Q.9 “The decline and fall of empires are not affairs of greased cartridges. Such results are occasioned by adequate causes and by the accumulation of adequate causes.” Comment on this statement made by Benjamin Disraeli in the context of 1857 revolt.
The official British explanation for 1857 was that only the Bengal army had mutinied and civil disturbances were caused by the breakdown of law and order machinery, Disraeli in his House of Commons speech spoke of the “destruction of native authority”, “the disturbance of property rights and tampering with the religion”as the real cause of revolt.
His emphasis was on the point that the case of greased cartridges did not create a new cause of discontent for the army, but supplied an occasion for the simmering discontent to come out in the open. The causes of revolt emerged from all aspects- covering socio-cultural, economical and political life of the Indian Population.
The process of territorial and cultural acquisition of India by the company, accompanied by broken pledges and oaths resulted in huge loss of political prestige for it. Lord Dalhousie’s assertion of the Right of Lapse, policies as of “Effective control” and “Subsidiary Alliance” followed by the company over time created suspicion in the minds of almost all ruling princes in India. The annexation of the province of Oudh, the principle homeland for the Sepoy troops, along with the conditions of service which increasingly came in conflict with the religious beliefs and prejudices of the sepoys caused resentment. British laws which voided the traditional practice of sati (1829) and made it possible to convert from Hinduism to Christianity without losing inheritance rights to ancestral property (1850) along with missionary activity spreading throughout British India, much of it apparently receiving official support inflamed the feeling of the sepoys.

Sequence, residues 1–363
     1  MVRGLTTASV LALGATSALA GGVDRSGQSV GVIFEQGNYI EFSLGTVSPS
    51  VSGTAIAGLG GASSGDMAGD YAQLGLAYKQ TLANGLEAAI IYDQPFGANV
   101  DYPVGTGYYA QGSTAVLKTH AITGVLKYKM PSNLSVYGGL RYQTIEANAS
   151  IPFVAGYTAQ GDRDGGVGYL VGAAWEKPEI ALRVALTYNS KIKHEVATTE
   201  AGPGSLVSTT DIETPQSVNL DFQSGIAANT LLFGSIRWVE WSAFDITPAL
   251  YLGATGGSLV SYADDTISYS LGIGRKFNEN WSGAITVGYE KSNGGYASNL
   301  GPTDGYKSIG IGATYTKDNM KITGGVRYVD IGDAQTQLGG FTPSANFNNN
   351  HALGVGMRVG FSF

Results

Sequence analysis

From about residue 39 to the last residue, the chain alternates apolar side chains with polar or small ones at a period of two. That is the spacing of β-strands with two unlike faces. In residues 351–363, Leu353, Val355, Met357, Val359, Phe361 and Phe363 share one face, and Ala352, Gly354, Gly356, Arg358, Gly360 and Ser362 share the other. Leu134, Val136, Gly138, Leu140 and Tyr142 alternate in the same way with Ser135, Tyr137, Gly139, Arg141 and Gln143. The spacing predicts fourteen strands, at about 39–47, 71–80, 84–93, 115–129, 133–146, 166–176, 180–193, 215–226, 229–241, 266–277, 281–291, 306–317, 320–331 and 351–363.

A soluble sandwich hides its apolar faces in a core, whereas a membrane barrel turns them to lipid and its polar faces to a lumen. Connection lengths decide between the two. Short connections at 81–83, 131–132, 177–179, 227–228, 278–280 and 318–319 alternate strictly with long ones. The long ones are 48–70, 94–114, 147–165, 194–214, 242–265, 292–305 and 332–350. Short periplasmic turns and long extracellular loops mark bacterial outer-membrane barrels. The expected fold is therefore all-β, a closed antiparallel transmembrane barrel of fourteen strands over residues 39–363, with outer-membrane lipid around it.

The economic hardship faced by people because of imperial rule led to accumulation of sheer discontent among the masses. While heavy taxation left the peasants at the mercy of moneylenders/traders, artisans and handicraftsmen were cut off from their major source of patronage when the Indian states were annexed by the company rulers.
Further fortification of the land rights of Zamindars and confiscation of the estates possessed by Taluqdars (especially in Awadh region) left them raging with anger to gain their lost prestige.
Finally, the rapid spread of English education, railroads and telegraphs threatened to enforce cultural homogenization, as did the fact that all legal proceedings were conducted in English. Rampant corruption in the company’s administration especially among the police, petty officials and lower law court further imparted an alien look of British rule in the eyes of Indians.